This is probably somewhat rare but I've noticed that using a number with 7 decimal places in any sort of calculation yields a number (prior to the calculation) that is rounded. For example:
answer round("29.9999999",7) * 1 yields an answer of 30  (seven decimal places)
whereas
answer round("29.999999",7) * 1 yields an answer of 29.999999  (six decimal places)
(I can increase the precision argument from 7 to 15 and it makes no difference.)
Note that using the trunc() function yields an answer of 30 for the first example but 29 for the second.
I've been using the offset function to determine if there is a decimal point present in the string provided by the user and, if so, then truncate the string down to the integer portion; then I may use the integer portion that remains in whatever calculations are necessary.
Is there an easier way to, perhaps, simply set the precision high enough where I can simply use the trunc() function for all numbers a user could possible enter (within reason)?
Thanks,
Barry
Floating point rounding error & how to overcome?
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Re: Floating point rounding error & how to overcome?
Barry,
From 'numberformat' in the dictionary...
Since LiveCode does not use decimal numbers for its internal calculations (for reasons of speed), the decimal representation of a number is sometimes slightly off the correct number. For example, 10^1 is equal to 0.1, but is calculated (to eighteen decimal places) as 0.100000000000000006. Because of this, setting the numberFormat to specify many decimal places after the decimal point may produce unexpected results in a statement that tests for an exact number. To prevent this, either avoid setting the numberFormat to a value more precise than you need, or use the abs function instead of the = operator to test equality...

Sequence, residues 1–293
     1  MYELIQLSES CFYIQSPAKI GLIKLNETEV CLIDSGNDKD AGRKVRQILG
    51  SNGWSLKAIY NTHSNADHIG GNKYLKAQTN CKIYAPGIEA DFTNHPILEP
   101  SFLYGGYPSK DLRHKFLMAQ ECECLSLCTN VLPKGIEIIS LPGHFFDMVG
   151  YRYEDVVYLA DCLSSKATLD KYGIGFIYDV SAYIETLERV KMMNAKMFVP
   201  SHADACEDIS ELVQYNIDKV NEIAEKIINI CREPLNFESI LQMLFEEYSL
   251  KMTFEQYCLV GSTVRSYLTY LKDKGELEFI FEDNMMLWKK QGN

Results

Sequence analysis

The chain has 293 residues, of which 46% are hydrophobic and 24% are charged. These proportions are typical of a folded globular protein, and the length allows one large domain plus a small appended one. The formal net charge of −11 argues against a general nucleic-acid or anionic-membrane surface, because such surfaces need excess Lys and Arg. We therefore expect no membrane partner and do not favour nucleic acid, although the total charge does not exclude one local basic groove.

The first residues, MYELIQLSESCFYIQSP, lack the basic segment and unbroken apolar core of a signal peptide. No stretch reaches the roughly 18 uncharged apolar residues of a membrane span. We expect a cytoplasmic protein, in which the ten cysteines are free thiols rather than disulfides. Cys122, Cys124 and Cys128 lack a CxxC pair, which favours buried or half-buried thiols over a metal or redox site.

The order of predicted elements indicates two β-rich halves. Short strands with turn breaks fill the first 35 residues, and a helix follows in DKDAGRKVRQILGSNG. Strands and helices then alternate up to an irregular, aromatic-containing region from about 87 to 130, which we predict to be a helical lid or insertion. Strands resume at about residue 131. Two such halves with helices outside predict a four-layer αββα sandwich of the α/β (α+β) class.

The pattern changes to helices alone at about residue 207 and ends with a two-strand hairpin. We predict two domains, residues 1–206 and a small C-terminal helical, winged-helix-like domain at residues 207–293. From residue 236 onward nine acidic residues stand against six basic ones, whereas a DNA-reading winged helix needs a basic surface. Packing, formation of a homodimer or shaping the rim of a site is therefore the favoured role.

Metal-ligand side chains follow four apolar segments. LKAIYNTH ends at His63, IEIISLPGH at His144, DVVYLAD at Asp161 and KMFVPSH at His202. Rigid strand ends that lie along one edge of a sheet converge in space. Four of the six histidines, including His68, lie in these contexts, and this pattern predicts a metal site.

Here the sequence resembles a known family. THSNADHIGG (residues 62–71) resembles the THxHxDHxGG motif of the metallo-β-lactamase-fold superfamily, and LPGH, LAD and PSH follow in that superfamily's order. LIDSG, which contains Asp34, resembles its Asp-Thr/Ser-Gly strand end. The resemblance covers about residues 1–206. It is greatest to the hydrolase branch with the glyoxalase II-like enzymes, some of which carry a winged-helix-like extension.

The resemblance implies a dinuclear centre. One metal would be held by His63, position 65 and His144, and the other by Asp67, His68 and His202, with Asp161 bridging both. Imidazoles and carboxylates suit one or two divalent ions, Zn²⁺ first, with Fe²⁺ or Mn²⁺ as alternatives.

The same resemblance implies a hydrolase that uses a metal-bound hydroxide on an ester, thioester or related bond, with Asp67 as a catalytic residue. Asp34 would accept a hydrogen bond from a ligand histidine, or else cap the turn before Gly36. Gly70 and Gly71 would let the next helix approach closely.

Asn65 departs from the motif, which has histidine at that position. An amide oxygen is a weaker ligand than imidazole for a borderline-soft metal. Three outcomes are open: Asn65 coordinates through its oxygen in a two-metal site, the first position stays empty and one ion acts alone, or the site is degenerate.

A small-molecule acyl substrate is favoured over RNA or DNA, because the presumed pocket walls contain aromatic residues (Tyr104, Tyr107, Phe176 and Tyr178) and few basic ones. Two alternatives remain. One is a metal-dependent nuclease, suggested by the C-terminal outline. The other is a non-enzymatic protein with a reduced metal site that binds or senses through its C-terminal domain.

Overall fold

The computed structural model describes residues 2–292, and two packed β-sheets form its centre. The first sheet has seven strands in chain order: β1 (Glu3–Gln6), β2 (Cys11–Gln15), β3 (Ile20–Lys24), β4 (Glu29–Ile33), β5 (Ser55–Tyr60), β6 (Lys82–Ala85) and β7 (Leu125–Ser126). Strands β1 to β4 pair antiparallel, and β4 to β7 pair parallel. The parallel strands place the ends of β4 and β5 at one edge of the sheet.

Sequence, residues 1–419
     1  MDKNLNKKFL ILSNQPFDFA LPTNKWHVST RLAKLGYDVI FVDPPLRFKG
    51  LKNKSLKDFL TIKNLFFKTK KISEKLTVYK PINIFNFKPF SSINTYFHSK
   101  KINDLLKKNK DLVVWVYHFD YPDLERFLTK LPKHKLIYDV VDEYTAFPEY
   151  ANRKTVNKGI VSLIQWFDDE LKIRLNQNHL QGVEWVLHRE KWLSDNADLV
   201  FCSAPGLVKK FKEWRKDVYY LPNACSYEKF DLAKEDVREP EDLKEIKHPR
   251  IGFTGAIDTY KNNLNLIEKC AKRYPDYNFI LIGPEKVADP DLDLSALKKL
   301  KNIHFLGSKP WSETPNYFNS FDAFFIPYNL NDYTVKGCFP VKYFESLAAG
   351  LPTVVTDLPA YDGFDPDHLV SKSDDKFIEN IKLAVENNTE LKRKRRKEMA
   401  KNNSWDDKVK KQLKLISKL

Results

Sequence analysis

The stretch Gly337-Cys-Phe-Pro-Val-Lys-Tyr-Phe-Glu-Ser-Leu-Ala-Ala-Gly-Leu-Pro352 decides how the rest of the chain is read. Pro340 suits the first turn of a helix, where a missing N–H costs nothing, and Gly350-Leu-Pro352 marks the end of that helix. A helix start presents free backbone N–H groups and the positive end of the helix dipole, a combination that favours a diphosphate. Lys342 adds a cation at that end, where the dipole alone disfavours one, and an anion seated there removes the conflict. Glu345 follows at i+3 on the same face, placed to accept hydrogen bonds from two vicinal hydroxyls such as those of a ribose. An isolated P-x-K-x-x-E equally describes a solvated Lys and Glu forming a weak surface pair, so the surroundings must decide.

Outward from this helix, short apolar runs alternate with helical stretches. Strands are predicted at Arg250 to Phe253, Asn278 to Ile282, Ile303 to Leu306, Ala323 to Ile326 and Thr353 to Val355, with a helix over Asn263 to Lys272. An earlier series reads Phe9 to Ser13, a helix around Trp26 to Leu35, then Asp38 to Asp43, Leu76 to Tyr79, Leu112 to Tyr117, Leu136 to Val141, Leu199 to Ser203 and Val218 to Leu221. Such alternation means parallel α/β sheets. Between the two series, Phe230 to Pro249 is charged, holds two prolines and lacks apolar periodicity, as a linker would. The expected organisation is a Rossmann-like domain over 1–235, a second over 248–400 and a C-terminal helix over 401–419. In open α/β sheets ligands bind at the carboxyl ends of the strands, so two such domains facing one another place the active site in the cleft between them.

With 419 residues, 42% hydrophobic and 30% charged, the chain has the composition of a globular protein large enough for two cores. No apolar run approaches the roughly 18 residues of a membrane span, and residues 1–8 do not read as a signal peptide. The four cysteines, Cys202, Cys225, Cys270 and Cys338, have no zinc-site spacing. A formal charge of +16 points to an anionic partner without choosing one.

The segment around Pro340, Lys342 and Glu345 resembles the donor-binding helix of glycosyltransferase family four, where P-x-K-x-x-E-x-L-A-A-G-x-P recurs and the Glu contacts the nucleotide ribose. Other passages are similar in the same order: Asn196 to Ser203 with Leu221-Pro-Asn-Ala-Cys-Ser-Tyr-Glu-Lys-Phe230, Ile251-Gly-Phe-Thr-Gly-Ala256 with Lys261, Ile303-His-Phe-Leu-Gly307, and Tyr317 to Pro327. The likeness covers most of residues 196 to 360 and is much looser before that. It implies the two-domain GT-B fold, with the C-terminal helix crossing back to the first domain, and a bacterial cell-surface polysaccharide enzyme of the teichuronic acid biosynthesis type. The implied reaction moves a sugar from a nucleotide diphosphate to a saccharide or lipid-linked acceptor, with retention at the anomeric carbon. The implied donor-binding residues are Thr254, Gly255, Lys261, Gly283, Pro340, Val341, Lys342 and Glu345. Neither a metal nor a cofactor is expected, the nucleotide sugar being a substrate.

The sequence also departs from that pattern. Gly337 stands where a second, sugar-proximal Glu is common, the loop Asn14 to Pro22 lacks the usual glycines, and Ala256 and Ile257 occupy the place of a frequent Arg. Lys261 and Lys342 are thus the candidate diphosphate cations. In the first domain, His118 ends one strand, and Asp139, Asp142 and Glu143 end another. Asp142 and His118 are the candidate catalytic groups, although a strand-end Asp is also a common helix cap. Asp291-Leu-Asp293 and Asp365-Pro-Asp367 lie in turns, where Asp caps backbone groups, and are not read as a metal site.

be well,
Dixie
From 'numberformat' in the dictionary...
Since LiveCode does not use decimal numbers for its internal calculations (for reasons of speed), the decimal representation of a number is sometimes slightly off the correct number. For example, 10^1 is equal to 0.1, but is calculated (to eighteen decimal places) as 0.100000000000000006. Because of this, setting the numberFormat to specify many decimal places after the decimal point may produce unexpected results in a statement that tests for an exact number. To prevent this, either avoid setting the numberFormat to a value more precise than you need, or use the abs function instead of the = operator to test equality...
be well,
Dixie

 Posts: 222
 Joined: Wed Jun 21, 2006 7:33 pm
 Location: West of the Pecos
 Contact:
Re: Floating point rounding error & how to overcome?
Turns out if you set the numberformat property to, let's say, 14 decimal places, calculations work as expected if you keep any numbers the program sees to 14 or fewer decimal places. The moment you give the program a number with 15 decimal places (or just one more than the numberformat  7 in the case of the default settings), calculations don't work out properly.
I was running a simple game with some students and the stack would ask them their age. One of the students entered 29.9999999 and the handler took the trunc of the provided number which, of course, would end up being rounded (prior to the actual calculation but, presumably, as soon as LiveCode was directed to handle the user's entry as a number) to 30 instead of trunc'd to 29. If the number had only 6 decimal places (29.999999), the calculation worked properly.
I think the dictionary could provide a more transparent explanation if it left out technobabble. Maybe a link to the more verbose explanation could be provided for those with an interest.
In the grand scheme of things, this is a minute problem.
I was running a simple game with some students and the stack would ask them their age. One of the students entered 29.9999999 and the handler took the trunc of the provided number which, of course, would end up being rounded (prior to the actual calculation but, presumably, as soon as LiveCode was directed to handle the user's entry as a number) to 30 instead of trunc'd to 29. If the number had only 6 decimal places (29.999999), the calculation worked properly.
I think the dictionary could provide a more transparent explanation if it left out technobabble. Maybe a link to the more verbose explanation could be provided for those with an interest.
In the grand scheme of things, this is a minute problem.